UK moving to ‘sectarian politics’ with women excluded from inner cities, says Farage

<span>Nigel Farage after the Reform UK press conference in Dover on Tuesday.</span><span>Photograph: Andy Rain/EPA</span>
Nigel Farage after the Reform UK press conference in Dover on Tuesday.Photograph: Andy Rain/EPA

Nigel Farage has said Britain is moving towards “sectarian politics with women completely excluded” in inner cities and towns, as he called for rising levels of Channel crossings to be declared a “national security emergency”.

Reform UK’s honorary president also defended comments he made on Sunday saying a growing number of Muslims do not share British values, and rejected accusations over the years that he had used antisemitic and Islamophobic dog whistles.

“I talked over the course of the weekend to [Sky News presenter] Trevor Phillips, about the small but worryingly growing number of young men, predominantly young men in this country, adopting radical views, views that aren’t just un-British, but views that frankly are extremely anti-British.”

Related: Nigel Farage under fire after saying Muslims do not share British values

Speaking at the Royal Cinque Ports Yacht Club in Dover, Farage added: “You might have noticed that Angela Rayner yesterday was campaigning in her constituency, begging, begging a group of Muslim leaders to please vote Labour, you will have noticed not a single woman in the room.

“So we’re moving into an age in our inner cities and towns, I’m afraid, I’m worried to say, of sectarian politics with women completely excluded.”

He went further as he said British Muslims “who are working, paying their taxes, wanting their kids to do well, it’s them that are perhaps going to be the worst affected by this if this current unpleasant trend continues”.

Following his speech, a BBC News presenter apologised after she accused Farage of using “customary inflammatory language”.

Geeta Guru-murthy made the comment after a clip of Farage speaking at the Dover event was shown on the news channel, before later apologising and saying this “didn’t meet the BBC’s editorial standards on impartiality”.

Live on air, Guru-murthy said: “Earlier today we heard live from Nigel Farage, speaking at that election event we just saw.

“When we came away from his live speech, I used language to describe it which didn’t meet the BBC’s editorial standards on impartiality. I’d like to apologise to Farage and viewers for this.”

In a post on X, Farage tagged the presenter and asked: “What happened to impartiality?”

Farage said he had been “ahead of the curve” by describing rising migration levels as an “invasion” after 2010, as “3,800 boats later, 125,000 people later, I think invasion frankly was pretty appropriate”.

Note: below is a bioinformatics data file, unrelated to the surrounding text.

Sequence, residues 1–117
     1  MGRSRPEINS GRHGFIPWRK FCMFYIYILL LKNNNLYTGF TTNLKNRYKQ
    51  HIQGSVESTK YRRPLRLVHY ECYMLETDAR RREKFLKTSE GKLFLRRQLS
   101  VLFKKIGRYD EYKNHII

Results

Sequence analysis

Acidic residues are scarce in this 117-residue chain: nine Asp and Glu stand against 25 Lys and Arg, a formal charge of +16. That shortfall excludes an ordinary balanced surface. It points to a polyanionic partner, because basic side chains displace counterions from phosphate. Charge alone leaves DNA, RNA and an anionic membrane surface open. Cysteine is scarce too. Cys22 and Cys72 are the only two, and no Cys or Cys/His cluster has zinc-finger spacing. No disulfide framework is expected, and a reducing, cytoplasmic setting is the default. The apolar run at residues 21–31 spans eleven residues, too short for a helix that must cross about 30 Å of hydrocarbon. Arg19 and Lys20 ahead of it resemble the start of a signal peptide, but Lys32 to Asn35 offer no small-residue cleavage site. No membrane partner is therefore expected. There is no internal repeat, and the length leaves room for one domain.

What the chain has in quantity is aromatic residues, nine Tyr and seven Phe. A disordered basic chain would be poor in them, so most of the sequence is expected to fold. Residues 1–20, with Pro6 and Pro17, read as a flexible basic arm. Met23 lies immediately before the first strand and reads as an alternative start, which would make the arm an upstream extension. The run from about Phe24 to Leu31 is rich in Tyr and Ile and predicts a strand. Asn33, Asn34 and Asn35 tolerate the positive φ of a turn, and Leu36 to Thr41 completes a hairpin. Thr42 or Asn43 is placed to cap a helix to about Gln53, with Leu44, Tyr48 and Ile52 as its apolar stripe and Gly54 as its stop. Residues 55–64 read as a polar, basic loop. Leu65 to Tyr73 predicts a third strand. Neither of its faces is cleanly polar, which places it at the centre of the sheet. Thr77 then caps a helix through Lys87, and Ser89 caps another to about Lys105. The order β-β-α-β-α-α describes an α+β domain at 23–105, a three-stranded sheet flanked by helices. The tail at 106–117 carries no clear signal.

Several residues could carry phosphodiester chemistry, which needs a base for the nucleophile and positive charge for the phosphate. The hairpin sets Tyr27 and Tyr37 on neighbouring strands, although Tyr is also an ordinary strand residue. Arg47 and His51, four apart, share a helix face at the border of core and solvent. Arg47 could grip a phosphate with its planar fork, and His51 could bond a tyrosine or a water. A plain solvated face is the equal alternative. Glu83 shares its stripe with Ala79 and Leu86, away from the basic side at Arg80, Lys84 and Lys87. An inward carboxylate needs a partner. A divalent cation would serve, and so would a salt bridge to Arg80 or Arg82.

His appearance in Dover on Tuesday marked his first intervention of the election campaign. He used the event to appeal to the electorate, saying that a vote for the Conservative party was a “wasted vote”.

“This election is a foregone conclusion. Labour are going to win and they’re going to win quite big,” he said.

“And therefore you could argue, actually, that a vote for the Conservative party is a wasted vote.

“And given that, you know, Labour are going to win, why not vote for something that you actually believe in?”

When asked by the Guardian why voters should trust him when he had been accused of using antisemitic and Islamophobic dog whistles, he replied: “How can I be antisemitic and Islamophobic at the same time?” before adding: “When you dare to say anything that’s not the prevailing orthodox view you’re written off as being mad and bad. I don’t hold any of those negative motives.”

The Conservatives face huge losses in red wall seats, he said after his speech, as voters feel “totally let down”.

“It’s not just immigration, it’s self-employed, small business owners, feeling like Brexit should have brought some easing of the rules and in some cases, the rules have actually got worse,” he added.

Farage said Britain should be prepared to use the Royal Marines to force France to take migrants back instead of “escorting” them across the Channel to the UK.

“The escorting by the French navy is aiding and abetting criminal trafficking and if the French won’t cooperate, well, we may have to use the Royal Marines and send some people back to the beaches of France.

“I hope it never gets to that, but it may have to come to that. We’ve given them a vast sum of money, it is not working, and the French navy should not be doing what it’s doing.”